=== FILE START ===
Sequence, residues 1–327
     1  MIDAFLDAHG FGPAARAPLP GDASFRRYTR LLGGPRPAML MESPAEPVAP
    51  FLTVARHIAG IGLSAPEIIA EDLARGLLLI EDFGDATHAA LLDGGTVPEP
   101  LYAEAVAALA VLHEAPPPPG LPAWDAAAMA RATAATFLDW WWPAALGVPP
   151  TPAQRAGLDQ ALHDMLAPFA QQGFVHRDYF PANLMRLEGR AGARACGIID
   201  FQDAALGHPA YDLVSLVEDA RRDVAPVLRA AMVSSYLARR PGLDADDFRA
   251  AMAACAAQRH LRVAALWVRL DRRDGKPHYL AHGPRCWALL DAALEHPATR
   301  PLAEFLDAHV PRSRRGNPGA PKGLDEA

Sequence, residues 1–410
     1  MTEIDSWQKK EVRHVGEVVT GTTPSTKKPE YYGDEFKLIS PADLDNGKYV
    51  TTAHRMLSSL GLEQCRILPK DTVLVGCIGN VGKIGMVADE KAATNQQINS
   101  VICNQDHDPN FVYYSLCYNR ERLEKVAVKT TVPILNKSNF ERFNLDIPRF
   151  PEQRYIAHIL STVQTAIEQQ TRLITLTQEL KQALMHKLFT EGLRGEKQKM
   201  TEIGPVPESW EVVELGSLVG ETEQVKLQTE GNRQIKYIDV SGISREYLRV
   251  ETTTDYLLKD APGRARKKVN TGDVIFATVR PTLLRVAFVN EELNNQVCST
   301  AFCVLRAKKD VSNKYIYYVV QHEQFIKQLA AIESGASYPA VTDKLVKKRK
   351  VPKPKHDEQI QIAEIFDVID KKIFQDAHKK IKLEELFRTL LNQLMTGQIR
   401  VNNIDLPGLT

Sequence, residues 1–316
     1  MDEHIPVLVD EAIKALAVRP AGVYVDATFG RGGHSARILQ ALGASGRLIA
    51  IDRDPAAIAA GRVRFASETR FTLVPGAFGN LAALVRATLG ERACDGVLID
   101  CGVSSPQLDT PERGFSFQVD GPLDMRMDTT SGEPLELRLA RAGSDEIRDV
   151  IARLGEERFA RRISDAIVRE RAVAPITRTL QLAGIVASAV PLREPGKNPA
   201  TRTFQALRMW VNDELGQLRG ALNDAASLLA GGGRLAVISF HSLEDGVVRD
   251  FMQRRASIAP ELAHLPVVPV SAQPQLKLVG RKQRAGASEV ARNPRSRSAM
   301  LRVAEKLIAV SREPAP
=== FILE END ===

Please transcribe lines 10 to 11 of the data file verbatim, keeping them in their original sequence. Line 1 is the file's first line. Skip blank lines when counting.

     1  MTEIDSWQKK EVRHVGEVVT GTTPSTKKPE YYGDEFKLIS PADLDNGKYV
    51  TTAHRMLSSL GLEQCRILPK DTVLVGCIGN VGKIGMVADE KAATNQQINS